Anxiety and How to Shoot First and Aim Later

I have to admit that grace under pressure has not always been my strong suit. In fact, one could say that I might have been a bit high-strung in the past. In case you’re interested, I have written more about that here: And yes, high-strung is the term nice southern folks use to describe that one family member who may bark at the moon.

Let me tell you one basic truth about those of us who struggle with anxiety–we all want to be absolutely assured that we have the perfect solution to the things we’re anxious about before we make any changes. True story. If there is a client who will do any amount of reading and journaling homework I assign, it’s an anxious client. However, when it comes time to make even small changes about which she can’t predict the outcome, we will have a full-on meltdown right on my comfortable couch. Now, why is that?

It’s because anxious people suffer from a peculiar kind of creativity–a really interesting aptitude to author a truly infinite number of things that could go terribly wrong and must be addressed before action can be taken. When this spiral happens, anxiety will always get you under its thumb. Your nervous, beautiful imagination will dream up more catastrophes than reality will ever present to you in a lifetime. Shucks. We’re stuck. When framed this way, one can describe even the most ardent perfectionism as a blessing and curse we high-strung folks manage daily. But dang, don’t you want us on your team for Trivial Pursuit? We squirrel away “just in case” knowledge like nobody’s business.

So what should you do about it?

1) Shoot First, Aim Later: I know this sounds counter-intuitive. However, the way that anxiety ruins your good time is by making you believe that you must have perfect responses to whatever stimuli bug you (public speaking, elevators, dating, poodles) or something truly horrific will happen. Unless you’re a fighter pilot or a brain surgeon, that most likely isn’t the case. You need to learn that you can flow with the moment and change course when necessary. Part of how we effect change in this situation is by creating opportunities to challenge the fear, deal with a need to redirect and then keep on truckin’.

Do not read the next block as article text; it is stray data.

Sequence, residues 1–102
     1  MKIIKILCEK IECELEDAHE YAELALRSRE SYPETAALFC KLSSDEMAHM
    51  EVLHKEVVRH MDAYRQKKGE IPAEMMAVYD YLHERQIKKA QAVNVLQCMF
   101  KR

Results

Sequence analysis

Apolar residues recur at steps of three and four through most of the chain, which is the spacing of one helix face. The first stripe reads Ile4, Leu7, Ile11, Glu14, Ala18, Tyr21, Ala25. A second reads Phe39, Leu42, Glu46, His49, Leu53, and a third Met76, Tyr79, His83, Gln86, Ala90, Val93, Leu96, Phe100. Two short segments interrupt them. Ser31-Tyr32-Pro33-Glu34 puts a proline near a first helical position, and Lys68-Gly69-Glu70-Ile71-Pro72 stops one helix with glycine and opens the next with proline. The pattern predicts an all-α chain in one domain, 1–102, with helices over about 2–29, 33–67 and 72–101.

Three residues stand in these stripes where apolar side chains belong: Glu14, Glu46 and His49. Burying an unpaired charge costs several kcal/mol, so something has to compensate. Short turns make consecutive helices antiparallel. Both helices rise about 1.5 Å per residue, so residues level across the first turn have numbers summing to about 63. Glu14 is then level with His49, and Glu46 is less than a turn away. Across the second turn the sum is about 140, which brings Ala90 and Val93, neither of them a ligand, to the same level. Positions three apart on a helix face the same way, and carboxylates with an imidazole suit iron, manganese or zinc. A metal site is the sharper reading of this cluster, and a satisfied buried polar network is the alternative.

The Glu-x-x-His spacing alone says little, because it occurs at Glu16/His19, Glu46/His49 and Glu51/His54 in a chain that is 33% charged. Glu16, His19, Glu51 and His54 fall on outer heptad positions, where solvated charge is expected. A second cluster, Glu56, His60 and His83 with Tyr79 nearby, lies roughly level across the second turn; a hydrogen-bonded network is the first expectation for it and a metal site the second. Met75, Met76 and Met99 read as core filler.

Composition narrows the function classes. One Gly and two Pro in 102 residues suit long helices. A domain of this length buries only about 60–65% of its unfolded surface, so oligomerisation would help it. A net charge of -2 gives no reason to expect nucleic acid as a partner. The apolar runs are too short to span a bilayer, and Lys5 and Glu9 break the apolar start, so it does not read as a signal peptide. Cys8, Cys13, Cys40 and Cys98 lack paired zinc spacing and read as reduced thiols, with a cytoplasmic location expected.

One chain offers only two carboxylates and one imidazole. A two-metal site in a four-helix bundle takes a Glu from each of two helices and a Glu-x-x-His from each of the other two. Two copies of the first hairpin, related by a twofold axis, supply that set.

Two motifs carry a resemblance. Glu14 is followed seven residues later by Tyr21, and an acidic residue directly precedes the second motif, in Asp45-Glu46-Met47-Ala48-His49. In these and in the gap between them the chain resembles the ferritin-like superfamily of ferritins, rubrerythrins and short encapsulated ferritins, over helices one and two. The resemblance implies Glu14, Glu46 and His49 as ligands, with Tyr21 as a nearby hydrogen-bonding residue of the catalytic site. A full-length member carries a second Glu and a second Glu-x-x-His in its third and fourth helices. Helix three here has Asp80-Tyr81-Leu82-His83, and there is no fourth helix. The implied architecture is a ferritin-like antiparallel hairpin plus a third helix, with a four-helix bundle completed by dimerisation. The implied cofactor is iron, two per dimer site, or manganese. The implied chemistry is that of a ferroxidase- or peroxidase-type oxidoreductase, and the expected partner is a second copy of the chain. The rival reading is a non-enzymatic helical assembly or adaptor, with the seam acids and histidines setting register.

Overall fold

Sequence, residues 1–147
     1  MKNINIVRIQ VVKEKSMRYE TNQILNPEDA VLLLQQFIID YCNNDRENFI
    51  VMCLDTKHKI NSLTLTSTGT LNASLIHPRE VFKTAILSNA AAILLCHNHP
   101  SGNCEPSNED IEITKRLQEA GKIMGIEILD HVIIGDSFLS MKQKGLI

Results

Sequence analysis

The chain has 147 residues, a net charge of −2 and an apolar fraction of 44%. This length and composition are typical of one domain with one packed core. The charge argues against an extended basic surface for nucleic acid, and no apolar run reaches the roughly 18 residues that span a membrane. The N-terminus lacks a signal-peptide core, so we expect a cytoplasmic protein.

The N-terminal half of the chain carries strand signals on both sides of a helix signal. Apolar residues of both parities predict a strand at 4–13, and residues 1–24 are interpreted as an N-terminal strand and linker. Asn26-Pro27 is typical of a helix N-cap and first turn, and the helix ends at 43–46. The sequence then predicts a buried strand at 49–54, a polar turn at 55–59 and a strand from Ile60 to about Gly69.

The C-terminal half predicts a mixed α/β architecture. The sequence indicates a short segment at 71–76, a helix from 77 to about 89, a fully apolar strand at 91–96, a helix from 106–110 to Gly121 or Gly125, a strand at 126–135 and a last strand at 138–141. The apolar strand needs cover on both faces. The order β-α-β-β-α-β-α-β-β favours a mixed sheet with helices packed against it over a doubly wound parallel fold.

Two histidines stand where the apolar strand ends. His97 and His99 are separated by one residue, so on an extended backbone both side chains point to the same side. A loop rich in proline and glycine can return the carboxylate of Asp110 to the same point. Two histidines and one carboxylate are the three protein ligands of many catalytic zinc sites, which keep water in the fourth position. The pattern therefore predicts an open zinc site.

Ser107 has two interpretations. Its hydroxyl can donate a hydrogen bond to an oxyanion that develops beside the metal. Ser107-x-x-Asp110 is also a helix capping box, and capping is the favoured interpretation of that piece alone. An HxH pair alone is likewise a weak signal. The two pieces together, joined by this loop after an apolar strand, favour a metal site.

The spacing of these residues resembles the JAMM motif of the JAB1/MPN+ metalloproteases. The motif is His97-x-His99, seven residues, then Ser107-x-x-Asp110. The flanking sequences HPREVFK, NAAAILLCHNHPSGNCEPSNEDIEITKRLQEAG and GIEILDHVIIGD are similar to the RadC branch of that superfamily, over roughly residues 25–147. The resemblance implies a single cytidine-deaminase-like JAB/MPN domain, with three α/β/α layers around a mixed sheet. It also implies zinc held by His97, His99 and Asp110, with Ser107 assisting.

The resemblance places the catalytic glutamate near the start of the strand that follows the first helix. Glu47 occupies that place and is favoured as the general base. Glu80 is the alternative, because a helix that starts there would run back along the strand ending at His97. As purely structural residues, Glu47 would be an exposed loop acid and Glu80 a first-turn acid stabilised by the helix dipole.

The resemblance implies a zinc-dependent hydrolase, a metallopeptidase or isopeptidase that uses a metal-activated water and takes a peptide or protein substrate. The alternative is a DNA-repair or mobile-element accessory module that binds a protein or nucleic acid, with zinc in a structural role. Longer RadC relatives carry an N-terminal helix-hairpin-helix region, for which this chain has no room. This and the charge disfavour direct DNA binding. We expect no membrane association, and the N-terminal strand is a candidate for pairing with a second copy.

2) Manage Body Processes: Many times, the scariest/most embarrassing/most frustrating part of experiencing anxiety is the body processes that come along with it. Sweating, blushing, racing hearts, shaking, stomach aches and a whole host of very physical symptoms can arise to support your brain’s deeply-felt idea that the world may end any second. This isn’t your body trying to pull one over on you–it’s just getting poised to be congruent with your emotional state. Lots of adrenaline would be fantastic idea if the threat were as urgently real as your feelings tell you it is. Therapy and meditation can teach you how to address those bodily sensations so they are not as embarrassing or scary any longer.

3) Develop a “True, But Not Helpful” Stance: It may be absolutely true that in the past you have had some sort of defining event that led to your anxious feelings. It may also be true that you have “always” struggled with a nervous temperament. However, it is not helpful to live your life only between the buoys of the negative things that have happened to you. There are other waters. It may be true it’s total jerk day at your office and every single person will heckle you when you get up to give that speech. But, it’s probably not helpful to prepare for only that outside shot. What if we were able to prepare for something else as well? Maybe only one person heckling? How would you work your speech towards the folks who may enjoy it?

Are you feeling a little nervous these days? Would you like a few more tips about how to increase the juicy parts of your life? Why don’t you come on in so that we can talk about it.

Your Partner in Healing,


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